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March 20th is the first day of spring this year.  This post is in celebration of the return of daffodils and park days. 

Spring is a great time for fresh ideas. Try something new…have an adventure.

Plant or grow something yummy or beautiful
If you’ve never gardened, that’s okay.  Read a book, or consider taking a class. Talk with a master gardener. One can often be located through your local extension office. Plant something you have never grown before. If you collected seeds in the fall, put them in the ground. Plant a tree. Learn to prune a tree. Learn about composting. Experiment with an herb garden. Learn to use fresh herbs to cook.  Plant some for their medicinal properties. Learn to landscape with flowers and other plants. If you have limited space, try container gardening.

Go on a nature walk
Look for signs of spring. Listen for bird song. How many can you identify? Look for buds and bulbs beginning to grow. Watch for bugs and signs of animals life.  Enjoy the blue sky.

Start a nature notebook
Visit the canyon, a local farm or zoo, and parks for things to sketch. Try using pencils, watercolors and other mediums. Start watching the sky. When the sun comes up. Chart the weather.

Living science
Order a butterfly cage. Start an earthworm farm. If you are zoned for it, and have the space, get baby chicks or rabbits.  Build a beehive.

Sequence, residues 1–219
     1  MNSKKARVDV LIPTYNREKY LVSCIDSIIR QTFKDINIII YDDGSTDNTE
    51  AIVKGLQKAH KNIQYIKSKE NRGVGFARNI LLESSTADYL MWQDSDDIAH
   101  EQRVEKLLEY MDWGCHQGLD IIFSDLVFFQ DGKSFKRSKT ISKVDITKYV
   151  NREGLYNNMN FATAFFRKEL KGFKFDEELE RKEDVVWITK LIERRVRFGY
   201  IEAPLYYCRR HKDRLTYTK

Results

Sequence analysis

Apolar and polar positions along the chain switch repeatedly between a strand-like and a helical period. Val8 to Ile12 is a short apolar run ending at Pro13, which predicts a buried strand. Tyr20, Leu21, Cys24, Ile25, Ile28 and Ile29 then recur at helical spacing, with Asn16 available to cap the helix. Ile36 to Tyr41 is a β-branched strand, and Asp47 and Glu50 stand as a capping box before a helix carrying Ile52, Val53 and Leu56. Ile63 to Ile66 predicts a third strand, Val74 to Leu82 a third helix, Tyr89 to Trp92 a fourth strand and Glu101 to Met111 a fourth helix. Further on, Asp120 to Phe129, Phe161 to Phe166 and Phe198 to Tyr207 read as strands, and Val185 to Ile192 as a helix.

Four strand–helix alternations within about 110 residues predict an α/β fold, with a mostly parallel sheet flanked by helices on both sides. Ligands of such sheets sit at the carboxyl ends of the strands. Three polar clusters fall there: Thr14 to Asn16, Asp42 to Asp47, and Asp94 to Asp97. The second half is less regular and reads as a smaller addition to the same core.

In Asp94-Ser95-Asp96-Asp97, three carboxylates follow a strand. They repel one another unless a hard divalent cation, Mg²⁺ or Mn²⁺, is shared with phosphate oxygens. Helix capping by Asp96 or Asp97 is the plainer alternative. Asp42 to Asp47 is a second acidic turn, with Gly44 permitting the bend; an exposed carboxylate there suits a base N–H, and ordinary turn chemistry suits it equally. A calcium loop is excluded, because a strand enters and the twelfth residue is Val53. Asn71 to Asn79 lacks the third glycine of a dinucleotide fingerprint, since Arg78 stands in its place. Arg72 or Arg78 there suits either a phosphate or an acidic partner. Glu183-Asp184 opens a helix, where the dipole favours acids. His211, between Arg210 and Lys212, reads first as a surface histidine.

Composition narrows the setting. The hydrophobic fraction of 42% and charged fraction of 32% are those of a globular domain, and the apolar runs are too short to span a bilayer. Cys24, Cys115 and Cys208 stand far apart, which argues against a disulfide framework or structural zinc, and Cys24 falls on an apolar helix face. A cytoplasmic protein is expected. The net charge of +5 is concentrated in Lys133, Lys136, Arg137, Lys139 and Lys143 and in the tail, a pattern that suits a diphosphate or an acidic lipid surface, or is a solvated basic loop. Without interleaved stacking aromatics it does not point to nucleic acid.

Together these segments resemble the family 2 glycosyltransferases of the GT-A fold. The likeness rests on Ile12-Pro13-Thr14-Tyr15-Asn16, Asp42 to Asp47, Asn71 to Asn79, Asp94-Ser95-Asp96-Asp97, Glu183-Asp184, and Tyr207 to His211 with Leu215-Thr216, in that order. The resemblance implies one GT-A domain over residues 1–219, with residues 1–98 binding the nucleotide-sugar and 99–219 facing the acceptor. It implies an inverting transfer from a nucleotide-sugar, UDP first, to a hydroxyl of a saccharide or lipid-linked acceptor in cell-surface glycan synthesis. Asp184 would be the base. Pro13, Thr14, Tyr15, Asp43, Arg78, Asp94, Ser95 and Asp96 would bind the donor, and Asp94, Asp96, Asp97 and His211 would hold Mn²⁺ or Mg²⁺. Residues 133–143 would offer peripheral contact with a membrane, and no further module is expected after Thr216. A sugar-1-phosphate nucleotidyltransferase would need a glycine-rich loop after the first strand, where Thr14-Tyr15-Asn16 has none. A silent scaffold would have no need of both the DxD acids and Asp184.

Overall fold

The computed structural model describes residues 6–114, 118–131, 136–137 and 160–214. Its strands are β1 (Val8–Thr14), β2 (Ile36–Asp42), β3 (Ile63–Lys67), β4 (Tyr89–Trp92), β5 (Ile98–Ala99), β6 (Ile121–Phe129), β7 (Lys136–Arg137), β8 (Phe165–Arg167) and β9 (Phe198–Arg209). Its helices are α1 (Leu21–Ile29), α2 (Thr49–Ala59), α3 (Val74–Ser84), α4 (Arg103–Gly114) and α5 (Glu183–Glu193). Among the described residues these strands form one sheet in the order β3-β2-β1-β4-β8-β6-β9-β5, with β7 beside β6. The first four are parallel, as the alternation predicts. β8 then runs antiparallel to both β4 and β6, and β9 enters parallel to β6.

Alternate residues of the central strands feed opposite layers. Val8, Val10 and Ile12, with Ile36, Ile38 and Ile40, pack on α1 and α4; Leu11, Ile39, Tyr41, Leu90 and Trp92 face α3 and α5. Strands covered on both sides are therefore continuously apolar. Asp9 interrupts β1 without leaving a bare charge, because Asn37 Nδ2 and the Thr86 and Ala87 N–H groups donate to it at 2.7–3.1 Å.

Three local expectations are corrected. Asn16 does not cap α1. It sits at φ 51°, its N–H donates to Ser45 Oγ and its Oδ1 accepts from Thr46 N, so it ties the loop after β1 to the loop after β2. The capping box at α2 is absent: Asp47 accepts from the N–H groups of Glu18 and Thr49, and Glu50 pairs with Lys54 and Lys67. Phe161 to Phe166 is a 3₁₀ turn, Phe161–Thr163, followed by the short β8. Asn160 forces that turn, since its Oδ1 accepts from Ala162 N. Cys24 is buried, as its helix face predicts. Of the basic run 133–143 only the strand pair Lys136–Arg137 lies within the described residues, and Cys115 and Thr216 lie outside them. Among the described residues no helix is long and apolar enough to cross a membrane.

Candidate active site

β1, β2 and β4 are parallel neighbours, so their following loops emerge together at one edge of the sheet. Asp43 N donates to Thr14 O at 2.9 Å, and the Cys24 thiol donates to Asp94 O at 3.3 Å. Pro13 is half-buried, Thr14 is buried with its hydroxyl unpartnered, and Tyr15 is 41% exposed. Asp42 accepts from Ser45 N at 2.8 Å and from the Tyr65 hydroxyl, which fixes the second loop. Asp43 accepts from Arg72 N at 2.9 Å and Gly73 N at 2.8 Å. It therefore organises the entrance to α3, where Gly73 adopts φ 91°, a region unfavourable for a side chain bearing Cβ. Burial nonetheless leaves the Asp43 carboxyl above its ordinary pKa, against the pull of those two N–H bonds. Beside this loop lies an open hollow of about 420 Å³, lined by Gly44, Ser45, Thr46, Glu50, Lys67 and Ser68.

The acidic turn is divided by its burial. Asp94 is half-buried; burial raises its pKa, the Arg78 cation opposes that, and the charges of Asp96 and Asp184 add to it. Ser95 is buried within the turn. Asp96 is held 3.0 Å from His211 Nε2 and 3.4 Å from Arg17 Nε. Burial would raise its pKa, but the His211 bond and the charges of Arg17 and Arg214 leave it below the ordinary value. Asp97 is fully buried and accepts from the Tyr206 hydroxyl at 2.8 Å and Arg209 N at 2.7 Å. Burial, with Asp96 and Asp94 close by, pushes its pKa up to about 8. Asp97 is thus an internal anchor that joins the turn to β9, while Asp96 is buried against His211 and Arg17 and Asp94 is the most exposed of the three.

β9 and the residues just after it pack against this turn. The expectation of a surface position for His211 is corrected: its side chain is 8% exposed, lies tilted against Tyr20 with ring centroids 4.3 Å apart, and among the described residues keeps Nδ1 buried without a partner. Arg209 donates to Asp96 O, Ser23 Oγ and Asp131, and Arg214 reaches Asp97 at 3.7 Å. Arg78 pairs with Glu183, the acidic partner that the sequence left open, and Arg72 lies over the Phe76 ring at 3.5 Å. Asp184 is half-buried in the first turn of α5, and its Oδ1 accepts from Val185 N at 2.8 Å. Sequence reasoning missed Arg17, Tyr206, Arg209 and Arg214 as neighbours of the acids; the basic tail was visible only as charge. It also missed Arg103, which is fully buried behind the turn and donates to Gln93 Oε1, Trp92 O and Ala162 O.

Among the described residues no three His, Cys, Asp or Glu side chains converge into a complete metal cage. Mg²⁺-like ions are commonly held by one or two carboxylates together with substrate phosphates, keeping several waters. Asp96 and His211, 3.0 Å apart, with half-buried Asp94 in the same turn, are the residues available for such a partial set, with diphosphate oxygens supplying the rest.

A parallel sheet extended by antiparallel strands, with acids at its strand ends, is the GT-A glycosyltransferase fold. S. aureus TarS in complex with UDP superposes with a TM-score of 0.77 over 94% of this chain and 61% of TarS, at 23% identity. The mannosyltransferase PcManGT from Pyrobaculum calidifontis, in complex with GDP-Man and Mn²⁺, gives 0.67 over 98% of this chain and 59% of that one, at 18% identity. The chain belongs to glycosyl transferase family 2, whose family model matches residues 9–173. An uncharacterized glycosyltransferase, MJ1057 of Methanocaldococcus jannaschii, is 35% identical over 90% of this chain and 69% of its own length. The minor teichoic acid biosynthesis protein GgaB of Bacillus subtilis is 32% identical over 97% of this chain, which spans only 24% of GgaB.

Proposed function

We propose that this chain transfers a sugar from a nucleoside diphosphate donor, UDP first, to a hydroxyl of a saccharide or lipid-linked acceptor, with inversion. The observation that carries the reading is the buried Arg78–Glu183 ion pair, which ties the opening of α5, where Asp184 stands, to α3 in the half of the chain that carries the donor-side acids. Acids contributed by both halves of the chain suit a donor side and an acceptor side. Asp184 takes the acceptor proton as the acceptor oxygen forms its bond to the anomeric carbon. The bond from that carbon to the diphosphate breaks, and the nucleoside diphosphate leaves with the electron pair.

Get moving
Put the television away for awhile. Start walking or get out the bikes and helmets. Learn about exercise and heart rates as a family. Teach your kids to play hopscotch, four square, kickball, Duck-duck-goose. Take up a new sport: frisbee, badminton, biking, hiking, basketball.

Spring projects
S
pring cleaning: indoors and outdoors. Learn to repair a bicycle. Learn to make jam. Install a clothes line and hang out a batch of laundry. Help an older neighbor clean their yard.  Clean up the BBQ.

Plan your family vacation
After all they are all educational, aren’t they?

Reading Suggestions

How the Earth Works
This is part of Reader’s Digest series. Watch for all of them. Fantastic hands-on science.

Anything by Holling Clancy Holling.

Field guides. Our favorites are by Golden Press and DK Publishing.

Look for nature books by Seymour Simon.

Eyewitness Books on weather, planets and lots of other nature subjects.

Carrots Love Tomatoes by Louise Riotte

Back to Basics, Published by Reader’s Digest

Wild Days by Karen Rackliffe

Hang on mom, you’re almost there!

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